Start planning now to attend this year’s AICPA Forensic & Valuation Services Conference November 5-7 in Atlanta. BVWire was there last year, and there was something for everyone, whether you are a seasoned practitioner or just starting out. In addition to the main conference, you can opt to take one of the preconference workshops on November 5: Hands-on Excel Data Analytics or Practice Management. If you can’t be there in person, you can attend online and choose either the entire main conference sessions or a package of seven sessions. There’s an early-bird discount if you register before September 21. To register, click here.
Attend a free one-hour webinar on July 11 that will showcase DealStats, a powerful new platform that combines Pratt’s Stats and Public Stats into one database with enhanced and vastly upgraded features. A July launch is set for DealStats, and, if you’re a current subscriber to Pratt’s Stats, you will automatically get access to DealStats. To sign up for the webinar, click here.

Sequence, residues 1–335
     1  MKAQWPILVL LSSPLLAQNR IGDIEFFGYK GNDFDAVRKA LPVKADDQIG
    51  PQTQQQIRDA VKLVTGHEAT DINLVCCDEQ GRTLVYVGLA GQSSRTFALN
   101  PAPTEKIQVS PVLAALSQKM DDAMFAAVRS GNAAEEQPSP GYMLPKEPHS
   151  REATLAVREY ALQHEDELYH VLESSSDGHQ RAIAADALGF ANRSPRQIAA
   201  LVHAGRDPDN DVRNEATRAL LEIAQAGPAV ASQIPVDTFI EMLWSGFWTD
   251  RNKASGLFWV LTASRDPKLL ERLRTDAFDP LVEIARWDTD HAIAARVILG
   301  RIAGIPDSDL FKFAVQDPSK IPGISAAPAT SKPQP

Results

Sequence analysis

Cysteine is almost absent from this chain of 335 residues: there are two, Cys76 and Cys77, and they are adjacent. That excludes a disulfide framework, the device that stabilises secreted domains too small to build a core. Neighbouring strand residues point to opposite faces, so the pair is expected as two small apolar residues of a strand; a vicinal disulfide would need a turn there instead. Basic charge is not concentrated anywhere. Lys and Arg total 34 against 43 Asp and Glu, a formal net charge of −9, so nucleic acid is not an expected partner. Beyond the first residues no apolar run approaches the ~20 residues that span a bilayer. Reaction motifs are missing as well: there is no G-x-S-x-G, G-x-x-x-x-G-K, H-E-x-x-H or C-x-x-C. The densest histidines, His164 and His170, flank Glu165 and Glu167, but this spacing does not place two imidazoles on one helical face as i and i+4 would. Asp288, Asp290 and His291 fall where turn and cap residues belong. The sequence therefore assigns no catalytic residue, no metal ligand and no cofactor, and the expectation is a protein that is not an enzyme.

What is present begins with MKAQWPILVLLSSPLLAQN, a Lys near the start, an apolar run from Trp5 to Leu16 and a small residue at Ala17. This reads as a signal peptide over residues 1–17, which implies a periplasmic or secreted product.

Grant Thornton of Poland was retained to value the trademark of Fachowcy.pl Ventures S.A., a company listed in Poland engaged in website creation, online advertising, and internet hosting services. The valuation was performed as of June 30, 2017, to support the issuance of a bond. The valuation report, published in the IR section of Fachowcy’s website, shows that the relief from royalty method was used, seven directly comparable cases from the MARKABLES database were selected, and a royalty rate of 4.76% was decided upon. MARKABLES is a Switzerland firm that has a database of over 10,000 global trademark valuations published in financial reporting documents of listed companies. By the way, the Fachowcy valuation report is in Polish.